It’s been a bitter and divisive election season – but first time Indian-American delegate Dr. Shashi Gupta headed to the Democratic National Convention with a sense of hope. VOA’s Katherine Gypson followed this immigrant with the love of U.S. politics all the way to Philadelphia.
    Video

    Video Philadelphia Uses DNC Spotlight to Profile Historic Role in Founding of United States

    The slogan of the Democratic National Convention now underway in Philadelphia is “Let’s Make History Again” which recognizes the role the city played in the foundation of the United States in the 18th century. As VOA’s Kane Farabaugh reports, local institutions are opening their doors in an effort to capitalize on the convention spotlight to draw visitors, and to offer more than just a history lesson.
    Video

    Video A Life of Fighting Back: Hillary Clinton Shatters Glass Ceiling

    Hillary Clinton made history Thursday, overcoming personal and political setbacks to become the first woman to win the presidential nomination of a major U.S. political party. If she wins in November, she will go from “first lady” to U.S. Senator from New York, to Secretary of State, to “Madam President.” Polls show Clinton is both beloved and despised. White House Correspondent Cindy Saine takes a look at the life of the woman both supporters and detractors agree is a fighter for the ages.
    Video

    Video Dutch Entrepreneurs Turn Rainwater Into Beer

    June has been recorded as one of the wettest months in more than a century in many parts of Europe. To a group of entrepreneurs in Amsterdam the rain came as a blessing, as they used the extra water to brew beer. Serginho Roosblad has more to the story.
    Video

    Video First Time Delegate’s First Day Frustrations

    With thousands of people filling the streets of Philadelphia, Pennsylvania for the 2016 Democratic National Convention, VOA’s Kane Farabaugh narrowed in on one delegate as she made her first trip to a national party convention. It was a day that was anything but routine for this United States military veteran.
    Video

    Video Commerce Thrives on US-Mexico Border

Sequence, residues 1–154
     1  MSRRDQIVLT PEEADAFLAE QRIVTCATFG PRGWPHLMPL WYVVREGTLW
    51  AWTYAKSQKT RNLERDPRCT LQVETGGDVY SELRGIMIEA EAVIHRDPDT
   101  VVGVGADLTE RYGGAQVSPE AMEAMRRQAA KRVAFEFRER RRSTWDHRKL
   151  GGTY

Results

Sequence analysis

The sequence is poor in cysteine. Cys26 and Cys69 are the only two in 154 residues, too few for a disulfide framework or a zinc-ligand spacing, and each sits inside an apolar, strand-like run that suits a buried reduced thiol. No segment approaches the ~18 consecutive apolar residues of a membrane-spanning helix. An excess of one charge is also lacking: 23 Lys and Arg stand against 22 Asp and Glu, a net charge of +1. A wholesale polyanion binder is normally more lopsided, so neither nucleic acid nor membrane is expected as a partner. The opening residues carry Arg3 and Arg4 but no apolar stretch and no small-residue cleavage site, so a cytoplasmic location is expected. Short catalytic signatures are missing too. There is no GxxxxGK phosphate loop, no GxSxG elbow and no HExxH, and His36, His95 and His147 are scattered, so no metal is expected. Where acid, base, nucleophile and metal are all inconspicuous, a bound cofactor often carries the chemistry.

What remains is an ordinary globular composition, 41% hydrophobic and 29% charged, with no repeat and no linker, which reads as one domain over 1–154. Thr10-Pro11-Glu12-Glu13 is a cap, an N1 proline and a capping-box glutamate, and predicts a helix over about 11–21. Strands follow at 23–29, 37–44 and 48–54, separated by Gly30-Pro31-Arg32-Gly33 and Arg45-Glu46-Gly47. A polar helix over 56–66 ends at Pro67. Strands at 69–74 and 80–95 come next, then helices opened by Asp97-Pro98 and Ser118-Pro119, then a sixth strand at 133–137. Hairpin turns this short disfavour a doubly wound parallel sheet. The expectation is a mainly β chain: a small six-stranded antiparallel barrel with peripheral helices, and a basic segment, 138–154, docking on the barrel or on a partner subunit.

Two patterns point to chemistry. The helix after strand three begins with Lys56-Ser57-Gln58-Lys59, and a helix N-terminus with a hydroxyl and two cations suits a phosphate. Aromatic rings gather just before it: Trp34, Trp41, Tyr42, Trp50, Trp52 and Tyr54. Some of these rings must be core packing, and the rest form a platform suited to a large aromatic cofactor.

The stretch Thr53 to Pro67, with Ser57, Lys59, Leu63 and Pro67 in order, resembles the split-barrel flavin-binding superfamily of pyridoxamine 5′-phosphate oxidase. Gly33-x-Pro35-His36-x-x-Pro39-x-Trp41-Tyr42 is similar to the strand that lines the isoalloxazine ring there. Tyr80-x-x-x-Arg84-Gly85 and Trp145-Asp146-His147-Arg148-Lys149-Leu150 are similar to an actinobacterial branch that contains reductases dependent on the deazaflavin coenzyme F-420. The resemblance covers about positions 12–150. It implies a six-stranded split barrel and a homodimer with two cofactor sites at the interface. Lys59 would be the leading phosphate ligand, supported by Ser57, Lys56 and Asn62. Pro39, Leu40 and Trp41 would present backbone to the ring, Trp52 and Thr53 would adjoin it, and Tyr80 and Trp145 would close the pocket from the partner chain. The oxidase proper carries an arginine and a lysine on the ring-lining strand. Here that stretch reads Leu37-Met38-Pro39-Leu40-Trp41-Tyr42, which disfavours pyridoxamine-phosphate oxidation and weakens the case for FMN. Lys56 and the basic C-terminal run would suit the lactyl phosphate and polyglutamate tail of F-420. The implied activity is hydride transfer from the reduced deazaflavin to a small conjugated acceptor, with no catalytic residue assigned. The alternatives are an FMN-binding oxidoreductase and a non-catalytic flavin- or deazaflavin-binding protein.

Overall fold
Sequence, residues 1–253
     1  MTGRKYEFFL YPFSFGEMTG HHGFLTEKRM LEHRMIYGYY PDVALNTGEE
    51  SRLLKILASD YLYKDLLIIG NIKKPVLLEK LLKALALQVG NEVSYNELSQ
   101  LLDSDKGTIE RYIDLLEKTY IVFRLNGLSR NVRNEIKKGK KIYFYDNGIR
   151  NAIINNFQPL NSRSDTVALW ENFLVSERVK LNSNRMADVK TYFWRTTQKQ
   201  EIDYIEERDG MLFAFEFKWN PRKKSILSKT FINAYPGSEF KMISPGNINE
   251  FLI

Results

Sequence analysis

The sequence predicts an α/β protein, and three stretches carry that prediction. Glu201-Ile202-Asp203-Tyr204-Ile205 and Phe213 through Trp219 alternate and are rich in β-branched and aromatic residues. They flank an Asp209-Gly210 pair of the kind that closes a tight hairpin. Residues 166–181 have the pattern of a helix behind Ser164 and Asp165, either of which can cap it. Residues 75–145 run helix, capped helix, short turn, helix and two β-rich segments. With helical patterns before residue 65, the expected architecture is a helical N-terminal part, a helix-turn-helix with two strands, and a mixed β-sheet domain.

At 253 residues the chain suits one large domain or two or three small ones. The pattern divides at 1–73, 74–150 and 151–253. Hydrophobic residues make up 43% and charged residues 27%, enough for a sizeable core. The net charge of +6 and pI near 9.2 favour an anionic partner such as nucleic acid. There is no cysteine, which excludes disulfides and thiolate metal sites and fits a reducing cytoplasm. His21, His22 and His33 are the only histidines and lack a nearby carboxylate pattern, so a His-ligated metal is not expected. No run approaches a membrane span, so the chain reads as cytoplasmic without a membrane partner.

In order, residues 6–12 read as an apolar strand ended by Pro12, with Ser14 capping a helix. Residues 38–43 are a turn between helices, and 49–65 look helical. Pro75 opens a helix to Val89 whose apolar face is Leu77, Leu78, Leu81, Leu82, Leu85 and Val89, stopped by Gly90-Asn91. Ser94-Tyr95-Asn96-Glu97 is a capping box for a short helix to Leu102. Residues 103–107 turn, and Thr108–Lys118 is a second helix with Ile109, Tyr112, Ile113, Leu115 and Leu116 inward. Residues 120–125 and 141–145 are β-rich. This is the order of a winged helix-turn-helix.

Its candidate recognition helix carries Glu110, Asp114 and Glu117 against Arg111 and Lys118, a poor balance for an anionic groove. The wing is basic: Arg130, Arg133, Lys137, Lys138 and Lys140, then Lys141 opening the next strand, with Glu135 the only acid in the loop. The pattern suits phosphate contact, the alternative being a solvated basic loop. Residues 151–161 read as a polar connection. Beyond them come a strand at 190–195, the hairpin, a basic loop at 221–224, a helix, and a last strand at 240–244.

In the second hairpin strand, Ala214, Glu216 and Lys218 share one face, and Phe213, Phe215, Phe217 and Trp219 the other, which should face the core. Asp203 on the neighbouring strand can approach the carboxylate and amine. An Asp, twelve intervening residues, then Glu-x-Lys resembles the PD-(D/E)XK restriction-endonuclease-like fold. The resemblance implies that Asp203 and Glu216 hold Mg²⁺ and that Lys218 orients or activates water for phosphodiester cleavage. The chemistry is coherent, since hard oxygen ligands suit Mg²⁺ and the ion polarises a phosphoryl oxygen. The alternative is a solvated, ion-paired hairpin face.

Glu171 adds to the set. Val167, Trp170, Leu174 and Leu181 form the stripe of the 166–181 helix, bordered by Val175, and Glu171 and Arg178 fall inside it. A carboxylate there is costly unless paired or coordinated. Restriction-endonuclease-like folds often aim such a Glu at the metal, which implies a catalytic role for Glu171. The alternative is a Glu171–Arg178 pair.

At the Democratic Convention in Philadelphia this week, the party’s presumptive presidential nominee, Hillary Clinton, is expected to attack proposals made by her opponent, Republican presidential nominee Donald Trump, to build a wall along the U.S.-Mexico border. Last Friday, President Barack Obama hosted his Mexican counterpart, President Enrique Peña Nieto, to underscore the good relations between the two countries. VOA’s Greg Flakus reports from Tucson.
    Video

    Video Film Helps Save Ethiopian Children Thought to be Cursed

    'Omo Child' looks at effort of African man to stop killings of ‘mingi’ children
    Video

    Video London’s Financial Crown at Risk as Rivals Eye Brexit Opportunities

    By most measures, London rivals New York as the only true global financial center. But Britain’s vote to leave the European Union – so-called ‘Brexit’ – means the city could lose its right to sell services tariff-free across the bloc, risking its position as Europe’s financial headquarters. Already some banks have said they may shift operations to the mainland. Henry Ridgwell reports from London.
    Video

    Video Recycling Lifeline for Lebanon’s Last Glassblowers

    In a small Lebanese coastal town, one family is preserving a craft that stretches back millennia. The art of glass blowing was developed by Phoenicians in the region, and the Khalifehs say they are the only ones keeping the skill alive in Lebanon. But despite teaming up with an eco-entrepreneur and receiving an unexpected boost from the country’s recent trash crisis the future remains uncertain. John Owens reports from Sarafand.
    Video

    Video Migrants Continue to Risk Lives Crossing US Border from Mexico

    In his speech Thursday before the Republican National Convention, the party’s presidential candidate, Donald Trump, reiterated his proposal to build a wall along the U.S.-Mexico border if elected. Polls show a large percentage of Americans support better control of the nation's southwestern border, but as VOA’s Greg Flakus reports from the border town of Nogales in the Mexican state of Sonora, the situation faced by people trying to cross the border is already daunting.

    Special Report

    Adrift The Invisible African Diaspora